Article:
Anna Matuozzo shirt

Zampa di Gallina (‘chicken feet’) is a menswear site set up recently specialising in Neapolitan makers. At least one of them has a connection to Naples, so it’s nice to have slightly more local retail, particularly for those of us buying in Europe. 

The brands on offer range considerably in price and make, and are something of a mixed bag. 

The most eye-catching is the ready-to-wear shirts from Anna Matuozzo (above). A well-known bespoke shirtmaker who has previously eschewed RTW, Anna is now offering these shirts to the same quality as bespoke, except of course for the bespoke fit. Each is made to order, and takes around a month to make. 

The level of work is very good: all the functional handwork you’d expect (hand-attached collars, sleeves etc) plus showy details like pick stitching around the collar band and shoulder seams. However, other work you might expect for the price (€280) is missing, such as a hand-worked side seam and bottom edge. It is of course also RTW, so no bespoke fit.

There are also two cheaper lines of RTW shirts, Sentiero and Avino, with just the functional handwork. (Confusingly, Avino is different from my bespoke maker, D’Avino.) Avino also does different levels of make, and this is the lower end – as you’d expect for €140. Some, such as those stocked at Brio in Beijing, are a magnificent make, with more of those hand details than Matuozzo.

EG Cappelli tie

The ties are EG Cappelli and Calabrese. I like Cappelli ties, even if they do have a tendency to be over-pressed. It is also a shame that the seven-fold construction, though nicely done, does not extend all the way up the tie. It is the way most seven folds are done, with only three folds above the keeper, but I prefer a true seven fold in that respect. Thick in the knot, flyaway in the blades.

There are Talarico umbrellas, which we all know, and the Omega gloves are nicely made. I can’t recommend the Calabrese handkerchiefs (below) from what I’ve seen, however. Most are digitally printed and as a result don’t have enough penetration of the silk; they are also too small for a silk or silk/wool hank (33cm). 

I don’t often do breakdowns of online stores, but hopefully this is a useful guide to a new entrant. 

Calabrese handkerchief

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Good article. I have been aware of this site for just over a month or so now and perused all the items listed here but the way you describe though, the depth of thought – well, it shows you are a writer and i am not.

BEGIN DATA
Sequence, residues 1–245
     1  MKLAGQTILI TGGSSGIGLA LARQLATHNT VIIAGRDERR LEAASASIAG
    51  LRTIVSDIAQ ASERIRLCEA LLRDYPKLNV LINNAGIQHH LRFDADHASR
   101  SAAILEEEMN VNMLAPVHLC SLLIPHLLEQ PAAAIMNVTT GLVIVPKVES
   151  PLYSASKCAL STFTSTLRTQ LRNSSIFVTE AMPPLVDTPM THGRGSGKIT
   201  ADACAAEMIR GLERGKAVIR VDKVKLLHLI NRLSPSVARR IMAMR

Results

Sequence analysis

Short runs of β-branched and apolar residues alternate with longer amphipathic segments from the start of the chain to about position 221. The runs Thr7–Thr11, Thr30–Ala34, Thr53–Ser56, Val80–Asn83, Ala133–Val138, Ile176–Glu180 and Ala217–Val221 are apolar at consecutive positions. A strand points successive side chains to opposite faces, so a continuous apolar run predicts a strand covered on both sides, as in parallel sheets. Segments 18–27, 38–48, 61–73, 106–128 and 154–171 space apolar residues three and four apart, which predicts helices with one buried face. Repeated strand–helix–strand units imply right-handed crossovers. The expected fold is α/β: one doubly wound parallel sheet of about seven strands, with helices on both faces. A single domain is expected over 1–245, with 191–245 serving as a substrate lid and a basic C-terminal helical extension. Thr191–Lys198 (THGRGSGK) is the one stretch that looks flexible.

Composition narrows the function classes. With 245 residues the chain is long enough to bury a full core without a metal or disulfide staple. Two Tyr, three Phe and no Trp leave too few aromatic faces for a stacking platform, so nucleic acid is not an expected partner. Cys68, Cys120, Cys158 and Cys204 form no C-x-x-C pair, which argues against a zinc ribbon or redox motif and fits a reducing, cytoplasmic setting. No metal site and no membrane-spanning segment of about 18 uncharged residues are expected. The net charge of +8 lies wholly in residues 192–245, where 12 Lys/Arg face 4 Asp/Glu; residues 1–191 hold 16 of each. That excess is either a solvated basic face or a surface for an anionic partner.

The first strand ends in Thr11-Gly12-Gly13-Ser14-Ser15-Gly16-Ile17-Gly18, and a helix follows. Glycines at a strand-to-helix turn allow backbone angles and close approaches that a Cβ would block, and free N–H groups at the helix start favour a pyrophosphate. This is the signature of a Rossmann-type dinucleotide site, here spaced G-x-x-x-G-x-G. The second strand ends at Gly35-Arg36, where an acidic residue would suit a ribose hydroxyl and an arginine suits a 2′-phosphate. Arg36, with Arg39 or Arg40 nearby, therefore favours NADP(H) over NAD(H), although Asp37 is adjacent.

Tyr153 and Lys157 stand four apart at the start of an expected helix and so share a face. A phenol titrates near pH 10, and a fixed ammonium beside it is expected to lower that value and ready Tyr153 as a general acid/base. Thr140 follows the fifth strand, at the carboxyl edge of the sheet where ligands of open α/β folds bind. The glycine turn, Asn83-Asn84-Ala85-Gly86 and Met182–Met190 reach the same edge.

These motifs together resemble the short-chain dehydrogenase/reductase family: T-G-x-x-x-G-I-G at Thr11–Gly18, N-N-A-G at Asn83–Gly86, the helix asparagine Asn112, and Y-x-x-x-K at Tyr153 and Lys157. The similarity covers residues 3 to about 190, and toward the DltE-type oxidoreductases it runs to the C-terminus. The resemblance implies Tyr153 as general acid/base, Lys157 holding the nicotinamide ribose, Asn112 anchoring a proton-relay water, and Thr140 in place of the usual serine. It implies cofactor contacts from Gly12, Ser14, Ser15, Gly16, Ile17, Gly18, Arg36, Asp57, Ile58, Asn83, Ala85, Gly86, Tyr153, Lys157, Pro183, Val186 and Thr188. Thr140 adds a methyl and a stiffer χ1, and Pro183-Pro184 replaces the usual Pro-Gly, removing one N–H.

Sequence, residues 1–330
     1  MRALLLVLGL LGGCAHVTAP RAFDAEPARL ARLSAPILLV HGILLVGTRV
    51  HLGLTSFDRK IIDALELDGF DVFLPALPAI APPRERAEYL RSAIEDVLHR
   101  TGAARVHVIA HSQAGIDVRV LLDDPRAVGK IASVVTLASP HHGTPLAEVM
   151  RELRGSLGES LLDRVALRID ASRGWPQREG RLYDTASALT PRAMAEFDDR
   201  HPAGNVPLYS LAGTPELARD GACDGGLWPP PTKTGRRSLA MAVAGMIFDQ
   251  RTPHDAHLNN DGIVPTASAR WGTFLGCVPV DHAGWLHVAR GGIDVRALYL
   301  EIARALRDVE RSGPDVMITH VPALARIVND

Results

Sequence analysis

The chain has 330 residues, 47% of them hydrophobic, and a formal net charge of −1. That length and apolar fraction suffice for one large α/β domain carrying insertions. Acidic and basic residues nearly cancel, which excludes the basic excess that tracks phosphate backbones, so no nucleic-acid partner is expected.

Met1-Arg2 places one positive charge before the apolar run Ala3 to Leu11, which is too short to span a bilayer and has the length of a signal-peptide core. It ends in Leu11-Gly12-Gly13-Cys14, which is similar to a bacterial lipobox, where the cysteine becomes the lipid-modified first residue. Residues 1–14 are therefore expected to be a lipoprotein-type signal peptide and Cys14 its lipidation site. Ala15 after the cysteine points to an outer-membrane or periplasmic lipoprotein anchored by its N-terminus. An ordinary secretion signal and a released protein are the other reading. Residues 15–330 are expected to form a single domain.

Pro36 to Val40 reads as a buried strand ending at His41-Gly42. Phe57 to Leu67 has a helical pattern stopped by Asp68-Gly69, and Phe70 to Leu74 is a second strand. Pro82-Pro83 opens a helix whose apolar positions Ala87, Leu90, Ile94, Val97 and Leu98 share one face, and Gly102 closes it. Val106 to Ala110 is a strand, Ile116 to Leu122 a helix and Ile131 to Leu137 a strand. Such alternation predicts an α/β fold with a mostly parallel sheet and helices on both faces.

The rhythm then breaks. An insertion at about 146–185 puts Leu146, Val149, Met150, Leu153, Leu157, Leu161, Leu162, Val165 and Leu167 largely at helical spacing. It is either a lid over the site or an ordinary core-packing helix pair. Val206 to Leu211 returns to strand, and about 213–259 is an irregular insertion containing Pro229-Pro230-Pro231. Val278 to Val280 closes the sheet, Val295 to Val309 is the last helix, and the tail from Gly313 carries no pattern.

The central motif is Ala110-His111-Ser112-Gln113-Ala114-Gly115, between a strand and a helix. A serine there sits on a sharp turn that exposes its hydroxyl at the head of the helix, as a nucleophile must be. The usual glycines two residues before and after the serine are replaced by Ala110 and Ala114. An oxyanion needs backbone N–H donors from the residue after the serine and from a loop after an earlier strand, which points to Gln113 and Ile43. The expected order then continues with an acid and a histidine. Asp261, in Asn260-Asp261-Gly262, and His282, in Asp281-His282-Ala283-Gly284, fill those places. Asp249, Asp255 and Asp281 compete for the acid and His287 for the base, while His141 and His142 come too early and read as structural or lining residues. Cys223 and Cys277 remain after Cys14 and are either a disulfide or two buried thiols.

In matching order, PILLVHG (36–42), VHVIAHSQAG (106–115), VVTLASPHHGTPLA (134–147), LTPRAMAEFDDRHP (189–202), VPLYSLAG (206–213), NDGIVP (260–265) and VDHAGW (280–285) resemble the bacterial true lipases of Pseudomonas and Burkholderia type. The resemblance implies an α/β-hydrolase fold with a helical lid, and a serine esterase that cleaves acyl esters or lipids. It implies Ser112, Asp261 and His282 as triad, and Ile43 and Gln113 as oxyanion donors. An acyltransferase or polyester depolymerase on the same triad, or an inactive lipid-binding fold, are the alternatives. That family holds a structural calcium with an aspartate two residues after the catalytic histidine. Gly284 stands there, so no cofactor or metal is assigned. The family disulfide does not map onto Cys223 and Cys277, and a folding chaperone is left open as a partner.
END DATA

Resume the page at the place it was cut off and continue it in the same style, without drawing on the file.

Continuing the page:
What do you mean when you refer to Cappelli’s ties as ‘over-pressed’? I love Drakes but Cappelli has been my preferred go-to-tie maker for a while now.


1. Great post – and really interesting. What do the ties retail for?

2. Equally I’ve been meaning to ask you. As a fellow cyclist I’m looking to upgrade everything to Merino. Other than Rapha what other clothing brands/items do you recommend.

3. I know you’ve recommend cutler and gross. What glasses do you recommend for cycling?

Thanks again for a great blog!


I have a couple of cycle jerseys from I rated them highly. Well thought throw and executed designs, pleasant colours, made out of sports wool. All at a fraction of Rapha prices. They are good with returns so it’s easy to size up or down to get the desired fit. The only note of caution is that their base layers are also made out of sports wool, were as I much prefer pure merino for base layers.

Giovanni bordone

What a beautiful and informative article!!!


Interesting comment on the penetration of the silk regarding the Calabrese handkerchiefs. In your experience, is this an issue with all scarfs/handkerchiefs that are digitally printed? Do you know if Drake’s digitally print any of their products?


It will be interesting to see how many of the high-end makers take up digital printing in the future as the technology improves. The benefits in terms of production efficiency and resource intensity, not to mention environmental impact, are surely too great to ignore.